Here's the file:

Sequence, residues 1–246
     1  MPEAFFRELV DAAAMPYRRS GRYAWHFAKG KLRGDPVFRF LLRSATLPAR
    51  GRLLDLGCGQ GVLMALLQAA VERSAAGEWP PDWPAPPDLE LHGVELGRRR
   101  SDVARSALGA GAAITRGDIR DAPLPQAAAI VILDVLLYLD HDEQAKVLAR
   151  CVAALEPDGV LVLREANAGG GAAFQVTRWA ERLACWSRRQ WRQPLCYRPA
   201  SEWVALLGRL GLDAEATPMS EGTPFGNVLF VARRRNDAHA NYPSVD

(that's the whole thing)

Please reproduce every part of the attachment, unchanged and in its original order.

Sequence, residues 1–246
     1  MPEAFFRELV DAAAMPYRRS GRYAWHFAKG KLRGDPVFRF LLRSATLPAR
    51  GRLLDLGCGQ GVLMALLQAA VERSAAGEWP PDWPAPPDLE LHGVELGRRR
   101  SDVARSALGA GAAITRGDIR DAPLPQAAAI VILDVLLYLD HDEQAKVLAR
   151  CVAALEPDGV LVLREANAGG GAAFQVTRWA ERLACWSRRQ WRQPLCYRPA
   201  SEWVALLGRL GLDAEATPMS EGTPFGNVLF VARRRNDAHA NYPSVD